Finance Minister Yair Lapid said that Operation Protective Edge will continue until the last tunnel connecting Gaza to Israel will be destroyed.
Tunnels have been at the heart of Israel's Gaza offensive, and are currently one of the central stumbling blocks to a ceasefire, with Israel demanding forces remain in Gaza to take out the tunnel system which threatens Israel's southern communities and army bases.
"We will take out the terror tunnels and I remind you that we are still decimating the rocket infrastructure and hitting Hamas' leaders," the finance minister said.
Similar comments were made earlier by Prime Minister Netanyahu, who said "We have neutralized dozens of terror tunnels and we are committed to complete this mission, with or without a cease-fire.
"Therefore I will not agree to any offer that does not allow the military to complete this important mission for the security of the people of Israel."
Lapid took a similar line, and thanked the IDF for what he described as "outstanding work."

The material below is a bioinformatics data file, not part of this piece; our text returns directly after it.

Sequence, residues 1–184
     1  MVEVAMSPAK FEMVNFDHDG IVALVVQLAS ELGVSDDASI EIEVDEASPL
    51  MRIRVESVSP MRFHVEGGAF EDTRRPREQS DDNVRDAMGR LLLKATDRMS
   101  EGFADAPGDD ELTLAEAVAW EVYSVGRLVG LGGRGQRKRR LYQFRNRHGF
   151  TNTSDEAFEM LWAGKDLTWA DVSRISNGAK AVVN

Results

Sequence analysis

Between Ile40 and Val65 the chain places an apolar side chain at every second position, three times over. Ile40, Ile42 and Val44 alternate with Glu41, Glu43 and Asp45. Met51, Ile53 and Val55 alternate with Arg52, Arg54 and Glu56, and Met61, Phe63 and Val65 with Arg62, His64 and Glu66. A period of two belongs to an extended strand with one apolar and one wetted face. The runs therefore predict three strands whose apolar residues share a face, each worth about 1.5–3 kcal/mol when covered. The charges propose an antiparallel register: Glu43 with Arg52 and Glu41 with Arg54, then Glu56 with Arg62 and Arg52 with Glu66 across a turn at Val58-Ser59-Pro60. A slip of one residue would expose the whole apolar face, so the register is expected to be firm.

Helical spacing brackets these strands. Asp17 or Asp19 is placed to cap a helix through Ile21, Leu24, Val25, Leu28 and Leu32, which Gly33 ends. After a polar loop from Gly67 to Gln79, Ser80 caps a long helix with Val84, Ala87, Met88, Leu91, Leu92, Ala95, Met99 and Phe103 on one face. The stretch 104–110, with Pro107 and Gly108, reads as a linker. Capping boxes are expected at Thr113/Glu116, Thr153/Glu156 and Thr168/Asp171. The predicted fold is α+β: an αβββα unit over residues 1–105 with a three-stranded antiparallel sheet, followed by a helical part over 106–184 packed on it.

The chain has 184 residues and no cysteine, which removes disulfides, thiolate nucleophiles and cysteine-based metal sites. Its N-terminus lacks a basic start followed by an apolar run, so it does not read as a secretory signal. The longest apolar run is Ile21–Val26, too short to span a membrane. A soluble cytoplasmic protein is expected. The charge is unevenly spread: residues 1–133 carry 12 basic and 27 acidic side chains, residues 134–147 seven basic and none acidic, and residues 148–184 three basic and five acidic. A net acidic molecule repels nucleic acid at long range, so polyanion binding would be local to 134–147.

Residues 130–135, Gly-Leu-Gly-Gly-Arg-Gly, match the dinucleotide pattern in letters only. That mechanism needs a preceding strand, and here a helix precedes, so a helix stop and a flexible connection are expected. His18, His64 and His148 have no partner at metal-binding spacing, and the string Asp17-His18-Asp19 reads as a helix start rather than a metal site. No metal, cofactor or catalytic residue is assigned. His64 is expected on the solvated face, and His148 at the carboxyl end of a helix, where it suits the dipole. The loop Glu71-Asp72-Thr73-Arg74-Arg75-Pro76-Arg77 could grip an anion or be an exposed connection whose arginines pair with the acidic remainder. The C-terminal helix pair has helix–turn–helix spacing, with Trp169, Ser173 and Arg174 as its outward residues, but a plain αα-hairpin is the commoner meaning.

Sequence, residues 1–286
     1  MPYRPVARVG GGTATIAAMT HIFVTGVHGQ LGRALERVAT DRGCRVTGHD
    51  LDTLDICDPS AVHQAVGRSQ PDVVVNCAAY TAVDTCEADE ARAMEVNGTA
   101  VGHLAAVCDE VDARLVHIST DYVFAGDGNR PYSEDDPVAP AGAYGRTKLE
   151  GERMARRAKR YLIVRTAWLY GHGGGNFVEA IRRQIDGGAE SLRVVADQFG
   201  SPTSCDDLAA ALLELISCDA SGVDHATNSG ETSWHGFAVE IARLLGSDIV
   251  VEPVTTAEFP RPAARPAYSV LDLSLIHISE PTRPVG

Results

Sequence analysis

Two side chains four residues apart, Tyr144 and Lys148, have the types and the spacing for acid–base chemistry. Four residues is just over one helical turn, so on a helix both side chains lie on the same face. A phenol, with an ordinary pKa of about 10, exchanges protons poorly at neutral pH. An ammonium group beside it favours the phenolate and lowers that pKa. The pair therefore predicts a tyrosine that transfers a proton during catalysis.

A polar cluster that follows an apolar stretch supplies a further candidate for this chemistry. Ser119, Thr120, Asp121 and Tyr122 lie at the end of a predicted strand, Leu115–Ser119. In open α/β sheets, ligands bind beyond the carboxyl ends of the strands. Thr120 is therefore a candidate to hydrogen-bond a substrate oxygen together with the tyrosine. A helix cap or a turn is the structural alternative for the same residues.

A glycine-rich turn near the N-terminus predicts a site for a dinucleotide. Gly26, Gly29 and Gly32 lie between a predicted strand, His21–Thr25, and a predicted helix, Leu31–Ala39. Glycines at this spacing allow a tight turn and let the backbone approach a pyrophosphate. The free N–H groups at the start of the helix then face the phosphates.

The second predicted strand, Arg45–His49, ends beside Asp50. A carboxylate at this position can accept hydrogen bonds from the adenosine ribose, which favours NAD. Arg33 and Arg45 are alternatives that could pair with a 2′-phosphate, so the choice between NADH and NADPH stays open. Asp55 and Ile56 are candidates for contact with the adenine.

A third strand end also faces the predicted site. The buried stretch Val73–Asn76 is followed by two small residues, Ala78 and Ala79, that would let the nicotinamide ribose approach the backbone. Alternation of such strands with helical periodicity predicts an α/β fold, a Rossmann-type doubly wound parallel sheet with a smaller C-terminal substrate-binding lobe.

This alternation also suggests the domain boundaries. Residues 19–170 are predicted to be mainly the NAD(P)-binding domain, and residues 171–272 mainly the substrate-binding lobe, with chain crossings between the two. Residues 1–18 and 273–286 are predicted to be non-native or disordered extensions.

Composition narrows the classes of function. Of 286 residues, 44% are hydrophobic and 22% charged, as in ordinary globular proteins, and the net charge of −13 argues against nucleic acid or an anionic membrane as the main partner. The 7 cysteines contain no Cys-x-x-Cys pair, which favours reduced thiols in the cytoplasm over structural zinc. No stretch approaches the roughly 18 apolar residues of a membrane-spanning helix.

"IDF forces have been facing off against an evil terror organization and are doing amazing operations. The Israeli public stands behind the IDF."
As the extent of the tunnel warren and the lethal threat it poses became known, accusations were leveled against the government and military, which warned about the phenomenon years ago but apparently did not prepare adequate counter-measures. The army's claims were coupled with the demand that Israel's political leadership make a decision regarding the future of the operation.
"The IDF knows what is expected of it and what the operation's objectives are," Lapid said regarding the military's later claims.
Regarding the possibility of a ceasefire, Lapid reiterated the prime minister's claims, said "We are completing our mission regarding the tunnels and in the meantime there are diplomatic efforts underway. After we finish with the tunnels, and not a minute earlier, we will be open to talking about a diplomatic deal.
Ceasefire efforts began with an Egyptian brokered deal, but after Hamas rejected the proposal, claiming it failed to meet their demands, additional deals were put forth, including a Qatari-Turkish proposal which was backed by the US, causing anger among many in Israel and even the Palestinian Authority.
"There is an Egyptian deal and soon everyone will return to it," Lapid said, adding that "this will end with the Egyptian proposal, because we don’t negotiate with Hamas."
About 32 tunnels, some as deep as 25 meters (82 feet), and dozens of access shafts have been uncovered since Israeli ground forces moved into Gaza following an air and naval barrage launched on July 8, the military said. The IDF claim dozens of Palestinian gunmen have been killed or captured in clashes at tunnel entrances.
Reuters contributed information to this report